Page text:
Northrop Grumman’s Cygnus spacecraft approaches the International Space Station. Cygnus will deliver science experiments, crew supplies, and station hardware (Credits: NASA).

Media accreditation is open for the next launch to deliver NASA science investigations, supplies, and equipment to the International Space Station. This launch is the 21st Northrop Grumman commercial resupply services mission to the orbital laboratory for the agency and will launch on a SpaceX Falcon 9 rocket.

NASA, Northrop Grumman, and SpaceX are targeting early August to launch the Cygnus spacecraft from Space Launch Complex 40 at Cape Canaveral Space Force Station in Florida.

Following launch, the space station’s Canadarm2 will grapple Cygnus and the spacecraft will attach to the Unity module’s Earth-facing port for cargo unloading.

Credentialing to cover prelaunch and launch activities is open to U.S. media. The application deadline for U.S. citizens is 11:59 p.m. EDT, Friday, July 19. All accreditation requests must be submitted online at:

https://media.ksc.nasa.gov

Credentialed media will receive a confirmation email upon approval. NASA’s media accreditation policy is available online. For questions about accreditation, or to request special logistical support, email: [email protected]. For other questions, please contact NASA’s Kennedy Space Center newsroom at: 321-867-2468.

Para obtener información sobre cobertura en español en el Centro Espacial Kennedy o si desea solicitor entrevistas en español, comuníquese con Antonia Jaramillo o Messod Bendayan a: [email protected] o [email protected].

Each resupply mission to the station delivers scientific investigations in the areas of biology and biotechnology, Earth and space science, physical sciences, and technology development and demonstrations. Cargo resupply from U.S. companies ensures a national capability to deliver scientific research to the space station, significantly increasing NASA’s ability to conduct new investigations aboard humanity’s laboratory in space.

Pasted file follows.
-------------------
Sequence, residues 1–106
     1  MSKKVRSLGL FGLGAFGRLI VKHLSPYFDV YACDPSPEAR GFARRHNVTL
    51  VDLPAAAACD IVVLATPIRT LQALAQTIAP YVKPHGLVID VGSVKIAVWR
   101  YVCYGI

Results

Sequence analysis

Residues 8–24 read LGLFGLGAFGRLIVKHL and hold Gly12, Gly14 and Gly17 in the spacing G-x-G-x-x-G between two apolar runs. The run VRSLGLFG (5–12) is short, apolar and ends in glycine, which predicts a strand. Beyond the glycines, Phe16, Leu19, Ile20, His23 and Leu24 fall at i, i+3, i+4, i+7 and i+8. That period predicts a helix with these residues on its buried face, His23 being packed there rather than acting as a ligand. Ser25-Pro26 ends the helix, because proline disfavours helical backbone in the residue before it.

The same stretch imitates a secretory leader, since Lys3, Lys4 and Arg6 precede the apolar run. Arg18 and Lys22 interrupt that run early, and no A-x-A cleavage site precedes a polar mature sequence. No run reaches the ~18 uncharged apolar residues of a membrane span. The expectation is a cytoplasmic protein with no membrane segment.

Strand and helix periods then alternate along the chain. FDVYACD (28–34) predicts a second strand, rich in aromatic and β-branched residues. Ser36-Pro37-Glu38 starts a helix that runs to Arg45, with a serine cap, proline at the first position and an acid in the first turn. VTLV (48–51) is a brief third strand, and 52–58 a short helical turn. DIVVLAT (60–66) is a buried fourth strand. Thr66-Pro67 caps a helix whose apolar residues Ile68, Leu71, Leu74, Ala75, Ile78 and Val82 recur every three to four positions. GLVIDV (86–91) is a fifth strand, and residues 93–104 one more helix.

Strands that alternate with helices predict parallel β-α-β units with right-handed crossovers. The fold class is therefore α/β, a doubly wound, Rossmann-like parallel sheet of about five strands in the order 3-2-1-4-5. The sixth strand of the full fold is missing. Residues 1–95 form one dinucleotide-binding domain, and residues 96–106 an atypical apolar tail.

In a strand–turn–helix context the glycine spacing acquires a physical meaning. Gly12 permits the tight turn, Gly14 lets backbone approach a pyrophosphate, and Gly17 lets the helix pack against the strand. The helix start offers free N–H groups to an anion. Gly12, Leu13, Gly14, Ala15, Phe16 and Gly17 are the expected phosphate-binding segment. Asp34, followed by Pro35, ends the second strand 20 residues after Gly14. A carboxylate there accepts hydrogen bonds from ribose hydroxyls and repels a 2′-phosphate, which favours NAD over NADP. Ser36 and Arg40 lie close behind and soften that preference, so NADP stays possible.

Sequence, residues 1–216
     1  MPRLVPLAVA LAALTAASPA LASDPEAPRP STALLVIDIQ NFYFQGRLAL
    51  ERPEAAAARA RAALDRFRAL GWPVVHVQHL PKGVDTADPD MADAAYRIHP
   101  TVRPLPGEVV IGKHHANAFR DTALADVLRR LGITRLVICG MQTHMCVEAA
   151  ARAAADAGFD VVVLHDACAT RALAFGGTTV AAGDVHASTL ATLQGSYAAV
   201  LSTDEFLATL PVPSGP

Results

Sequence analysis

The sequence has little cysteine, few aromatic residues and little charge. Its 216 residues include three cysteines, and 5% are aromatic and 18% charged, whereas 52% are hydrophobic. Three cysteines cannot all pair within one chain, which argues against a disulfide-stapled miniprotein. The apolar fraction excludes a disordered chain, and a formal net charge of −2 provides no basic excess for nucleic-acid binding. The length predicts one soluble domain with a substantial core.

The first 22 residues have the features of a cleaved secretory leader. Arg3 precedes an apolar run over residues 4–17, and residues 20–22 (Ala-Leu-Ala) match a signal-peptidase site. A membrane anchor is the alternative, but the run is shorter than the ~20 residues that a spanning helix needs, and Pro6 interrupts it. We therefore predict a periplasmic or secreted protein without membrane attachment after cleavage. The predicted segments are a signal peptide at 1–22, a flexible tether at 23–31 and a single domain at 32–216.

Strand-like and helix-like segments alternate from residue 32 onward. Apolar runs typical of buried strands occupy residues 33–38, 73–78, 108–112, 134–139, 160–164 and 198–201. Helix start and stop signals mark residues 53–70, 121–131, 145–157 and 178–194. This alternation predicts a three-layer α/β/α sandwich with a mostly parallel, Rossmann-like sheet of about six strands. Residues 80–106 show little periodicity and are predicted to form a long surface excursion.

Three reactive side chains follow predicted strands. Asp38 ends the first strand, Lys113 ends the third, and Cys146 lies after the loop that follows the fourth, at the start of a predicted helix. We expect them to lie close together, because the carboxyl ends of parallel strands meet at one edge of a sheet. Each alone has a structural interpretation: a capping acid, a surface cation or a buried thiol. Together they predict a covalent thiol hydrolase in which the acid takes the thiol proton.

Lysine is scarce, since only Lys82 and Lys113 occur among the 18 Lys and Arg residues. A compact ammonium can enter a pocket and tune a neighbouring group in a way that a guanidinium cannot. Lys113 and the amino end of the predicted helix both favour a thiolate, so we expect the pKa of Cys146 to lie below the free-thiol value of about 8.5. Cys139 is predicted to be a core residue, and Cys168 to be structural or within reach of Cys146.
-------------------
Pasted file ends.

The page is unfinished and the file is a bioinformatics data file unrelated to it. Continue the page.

In addition to food, supplies, and equipment for the crew, Cygnus will deliver research, including supplies for a new STEMonstration and several test articles to observe water flow in microgravity. Other investigations aboard include vascularized liver tissue and a bioreactor to demonstrate the production of blood and immune stem cells. Researchers will learn more about biomanufacturing in microgravity to create higher quality treatments for people on Earth.

NASA’s CubeSat Launch Initiative also is sending two CubeSats to deploy from the orbiting laboratory, CySat-1 from Iowa State Universityand DORA from Arizona State University, making up ELaNa 52 (Educational Launch of Nanosatellites).

Crews have occupied the space station continuously since November 2000. In that time, 280 people from 21 countries have visited the orbital outpost. The space station is a springboard to NASA’s next great leap in exploration, including future missions to the Moon under Artemis, and ultimately, human exploration of Mars.

Learn more about NASA’s commercial resupply missions at:

https://www.nasa.gov/station

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Josh Finch / Claire O’Shea
Headquarters, Washington
202-358-1100
[email protected] / claire.a.o’[email protected]

Stephanie Plucinsky / Steven Siceloff / Danielle Sempsrott
Kennedy Space Center, Fla.
321-876-2468
[email protected] / [email protected] / [email protected]

Sandra Jones
Johnson Space Center, Houston
281-483-5111
[email protected]

Ellen Klicka
Northrop Grumman, Cygnus  
703-402-4404 
[email protected] 

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